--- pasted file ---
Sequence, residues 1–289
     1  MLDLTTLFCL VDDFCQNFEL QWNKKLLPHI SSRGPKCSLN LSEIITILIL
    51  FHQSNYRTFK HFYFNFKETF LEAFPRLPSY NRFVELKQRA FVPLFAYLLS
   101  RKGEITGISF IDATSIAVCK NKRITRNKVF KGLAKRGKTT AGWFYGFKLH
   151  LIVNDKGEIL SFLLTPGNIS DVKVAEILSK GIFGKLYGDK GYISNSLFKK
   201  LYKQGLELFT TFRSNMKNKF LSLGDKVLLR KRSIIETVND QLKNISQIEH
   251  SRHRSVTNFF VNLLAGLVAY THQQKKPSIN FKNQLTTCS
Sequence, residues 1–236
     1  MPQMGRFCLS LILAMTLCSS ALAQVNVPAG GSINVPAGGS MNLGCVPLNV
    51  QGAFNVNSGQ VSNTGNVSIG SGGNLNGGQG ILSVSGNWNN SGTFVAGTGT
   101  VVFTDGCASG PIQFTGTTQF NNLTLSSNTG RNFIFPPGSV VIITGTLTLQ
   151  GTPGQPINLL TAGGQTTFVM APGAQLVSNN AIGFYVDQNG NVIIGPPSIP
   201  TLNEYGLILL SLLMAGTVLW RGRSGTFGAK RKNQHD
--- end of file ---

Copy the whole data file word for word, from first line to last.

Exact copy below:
Sequence, residues 1–289
     1  MLDLTTLFCL VDDFCQNFEL QWNKKLLPHI SSRGPKCSLN LSEIITILIL
    51  FHQSNYRTFK HFYFNFKETF LEAFPRLPSY NRFVELKQRA FVPLFAYLLS
   101  RKGEITGISF IDATSIAVCK NKRITRNKVF KGLAKRGKTT AGWFYGFKLH
   151  LIVNDKGEIL SFLLTPGNIS DVKVAEILSK GIFGKLYGDK GYISNSLFKK
   201  LYKQGLELFT TFRSNMKNKF LSLGDKVLLR KRSIIETVND QLKNISQIEH
   251  SRHRSVTNFF VNLLAGLVAY THQQKKPSIN FKNQLTTCS
Sequence, residues 1–236
     1  MPQMGRFCLS LILAMTLCSS ALAQVNVPAG GSINVPAGGS MNLGCVPLNV
    51  QGAFNVNSGQ VSNTGNVSIG SGGNLNGGQG ILSVSGNWNN SGTFVAGTGT
   101  VVFTDGCASG PIQFTGTTQF NNLTLSSNTG RNFIFPPGSV VIITGTLTLQ
   151  GTPGQPINLL TAGGQTTFVM APGAQLVSNN AIGFYVDQNG NVIIGPPSIP
   201  TLNEYGLILL SLLMAGTVLW RGRSGTFGAK RKNQHD